Developing the Intelligent Fulcrum
Intelligence is at the heart of all defence planning and implementation. With data now becoming available from every angle possible, a change in approach is paramount so that all of this information can be put to the best use. A Paper by Centre for Land Warfare Studies(CLAWS) presents the various possibilities for intelligence gathering from sources as wide as social media, analysis of opponent-country web sites, drones and satellites. The Paper describes the conceptual layout of Intelligence Gathering geared towards collection and analysis of Big Data.
In its recommendation for implementation of the structure, the Paper specifies Top-Down cultural revamp of Defence Intelligence Agencies. With regard to tools, the Author recommends initial utilization of commercial products to be followed up with in-house R&D. Skillset development must be ramped up in-house as well. The Paper concludes that such a system will have the capability to respond and adapt to changing nature of threats.
Handling the Data Avalanche
With Integrated Command, Control, Communications, Computers, Intelligence and Information (C4I2) systems in place, there is no dearth of data. The need of the hour is a Big Data strategy as well as recognition of its crucial importance from the top of the hierarchy down the ranks. The Chief of the Indian Army has also focused on the need for collaborations with industry. It has also been reported that the Indian Army has embarked on the journey of system upgrades towards the development of a Big Data architecture.
The European Defence Agency has made a number of recommendations pursuant to a 2016 study. They include implementing Modelling and Simulation (M&S) applications over the Cloud and the utilization of predictive analysis data in the development of the M&S models.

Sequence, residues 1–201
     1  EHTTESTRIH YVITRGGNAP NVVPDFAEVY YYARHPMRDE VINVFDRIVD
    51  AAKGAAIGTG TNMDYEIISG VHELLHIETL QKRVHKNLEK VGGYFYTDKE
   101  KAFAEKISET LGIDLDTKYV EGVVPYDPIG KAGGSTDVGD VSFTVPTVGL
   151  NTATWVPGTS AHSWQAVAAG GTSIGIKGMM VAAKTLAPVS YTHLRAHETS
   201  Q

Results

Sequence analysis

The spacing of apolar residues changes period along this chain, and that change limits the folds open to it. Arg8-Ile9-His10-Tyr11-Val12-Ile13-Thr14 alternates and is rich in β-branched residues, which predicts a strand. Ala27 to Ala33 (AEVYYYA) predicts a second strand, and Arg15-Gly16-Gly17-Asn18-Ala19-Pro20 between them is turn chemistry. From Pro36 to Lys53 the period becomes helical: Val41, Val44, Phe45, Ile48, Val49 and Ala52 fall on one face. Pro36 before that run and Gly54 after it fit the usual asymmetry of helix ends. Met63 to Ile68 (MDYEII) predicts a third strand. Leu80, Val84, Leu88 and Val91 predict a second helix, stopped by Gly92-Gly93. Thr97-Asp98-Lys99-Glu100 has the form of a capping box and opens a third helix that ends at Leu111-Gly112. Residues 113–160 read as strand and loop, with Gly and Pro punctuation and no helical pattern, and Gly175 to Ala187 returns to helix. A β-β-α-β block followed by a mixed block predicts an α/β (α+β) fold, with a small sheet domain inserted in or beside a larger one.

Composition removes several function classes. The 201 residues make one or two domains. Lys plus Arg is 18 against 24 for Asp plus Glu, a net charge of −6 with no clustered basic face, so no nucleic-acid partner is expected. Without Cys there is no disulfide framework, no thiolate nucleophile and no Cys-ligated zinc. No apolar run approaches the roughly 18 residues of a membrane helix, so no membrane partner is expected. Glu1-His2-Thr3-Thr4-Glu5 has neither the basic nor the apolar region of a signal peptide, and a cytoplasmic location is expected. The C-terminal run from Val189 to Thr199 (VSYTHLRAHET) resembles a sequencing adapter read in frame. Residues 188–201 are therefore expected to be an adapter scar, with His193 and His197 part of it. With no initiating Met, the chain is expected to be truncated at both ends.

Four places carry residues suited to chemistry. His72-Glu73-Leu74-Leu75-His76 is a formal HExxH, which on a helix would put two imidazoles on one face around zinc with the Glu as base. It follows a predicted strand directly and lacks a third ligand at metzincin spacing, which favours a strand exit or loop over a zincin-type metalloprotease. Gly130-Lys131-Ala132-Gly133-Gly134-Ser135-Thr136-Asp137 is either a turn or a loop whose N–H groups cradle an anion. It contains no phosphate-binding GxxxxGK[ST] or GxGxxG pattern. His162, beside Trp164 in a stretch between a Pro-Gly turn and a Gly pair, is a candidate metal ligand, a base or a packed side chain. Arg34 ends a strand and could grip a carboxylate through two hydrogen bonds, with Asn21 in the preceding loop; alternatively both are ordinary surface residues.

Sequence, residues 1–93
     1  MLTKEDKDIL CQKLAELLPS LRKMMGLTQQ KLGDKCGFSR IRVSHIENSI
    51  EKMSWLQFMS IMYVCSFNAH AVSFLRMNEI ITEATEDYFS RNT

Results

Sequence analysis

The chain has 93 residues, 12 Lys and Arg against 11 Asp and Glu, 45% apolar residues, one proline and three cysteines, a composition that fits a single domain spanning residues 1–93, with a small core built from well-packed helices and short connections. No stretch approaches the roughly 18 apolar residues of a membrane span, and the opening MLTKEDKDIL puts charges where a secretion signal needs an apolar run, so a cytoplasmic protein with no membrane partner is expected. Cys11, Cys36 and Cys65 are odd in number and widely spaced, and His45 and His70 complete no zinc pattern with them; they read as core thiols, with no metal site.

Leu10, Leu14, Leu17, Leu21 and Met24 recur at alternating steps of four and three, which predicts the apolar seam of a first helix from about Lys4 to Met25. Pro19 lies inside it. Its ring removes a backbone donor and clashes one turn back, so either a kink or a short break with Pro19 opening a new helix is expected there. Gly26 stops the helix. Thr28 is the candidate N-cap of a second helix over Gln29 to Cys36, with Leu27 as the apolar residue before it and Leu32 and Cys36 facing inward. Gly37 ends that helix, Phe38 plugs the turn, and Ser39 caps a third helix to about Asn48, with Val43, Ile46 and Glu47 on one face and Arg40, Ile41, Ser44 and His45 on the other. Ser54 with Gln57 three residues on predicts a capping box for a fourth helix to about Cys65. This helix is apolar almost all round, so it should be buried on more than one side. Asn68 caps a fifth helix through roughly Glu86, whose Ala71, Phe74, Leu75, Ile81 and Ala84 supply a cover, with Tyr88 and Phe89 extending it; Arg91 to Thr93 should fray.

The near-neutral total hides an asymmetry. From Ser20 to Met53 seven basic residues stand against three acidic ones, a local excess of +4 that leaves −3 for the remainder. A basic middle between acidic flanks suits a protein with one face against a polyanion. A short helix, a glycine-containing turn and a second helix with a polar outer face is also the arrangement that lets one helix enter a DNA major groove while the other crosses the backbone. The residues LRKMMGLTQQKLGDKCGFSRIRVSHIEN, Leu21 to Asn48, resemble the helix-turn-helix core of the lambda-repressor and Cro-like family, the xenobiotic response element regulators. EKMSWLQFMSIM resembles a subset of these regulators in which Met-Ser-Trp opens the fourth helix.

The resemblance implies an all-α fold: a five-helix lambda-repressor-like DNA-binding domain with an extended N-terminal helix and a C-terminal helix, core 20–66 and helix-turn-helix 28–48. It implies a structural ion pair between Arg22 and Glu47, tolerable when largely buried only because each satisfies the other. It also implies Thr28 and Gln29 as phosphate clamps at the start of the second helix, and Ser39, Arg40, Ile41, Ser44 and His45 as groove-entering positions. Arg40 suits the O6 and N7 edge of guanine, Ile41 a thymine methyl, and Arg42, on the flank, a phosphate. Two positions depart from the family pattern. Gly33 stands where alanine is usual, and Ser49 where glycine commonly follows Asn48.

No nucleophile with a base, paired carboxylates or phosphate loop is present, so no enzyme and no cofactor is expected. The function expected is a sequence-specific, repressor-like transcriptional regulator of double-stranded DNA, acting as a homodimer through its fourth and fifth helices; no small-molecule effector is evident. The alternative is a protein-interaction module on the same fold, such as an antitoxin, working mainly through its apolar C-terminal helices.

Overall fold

Supplies are the most important element when an army is operating on the battlefield either in a strategic positioning or in an aggressive movement. In situations such as those faced by India in Doklam, planning acquires multiple dimensions. It requires quick responses in order to maintain accurate defensive positions that are supplied adequately. If a sudden situation occurs, supplies need to be ready instantly. A Deloitte article expands on a data-driven process called ‘Mission Analytics.’
The article describes Mission Analytics procedures in analyzing supply chain as well as the readiness of troops for different situations, both in standard and in response modes. According to the article, Mission Analytics ensures that there are multiple options available when a situation occurs. The key challenge is that of handling the huge data that comes into the military’s databases. With Mission Analytics, all data sources are combined to project different “if-then” types of predictions. Both risk and cost are simultaneously analyzed. In the event of an unexpected incident, the analysis comes up with real-time recommendations on the best responses. Another crucial aspect of Mission Analytics is the analysis of adversarial activities to detect patterns that can help identifying spikes of activity in the future which is one of the prime predictive applications in defence.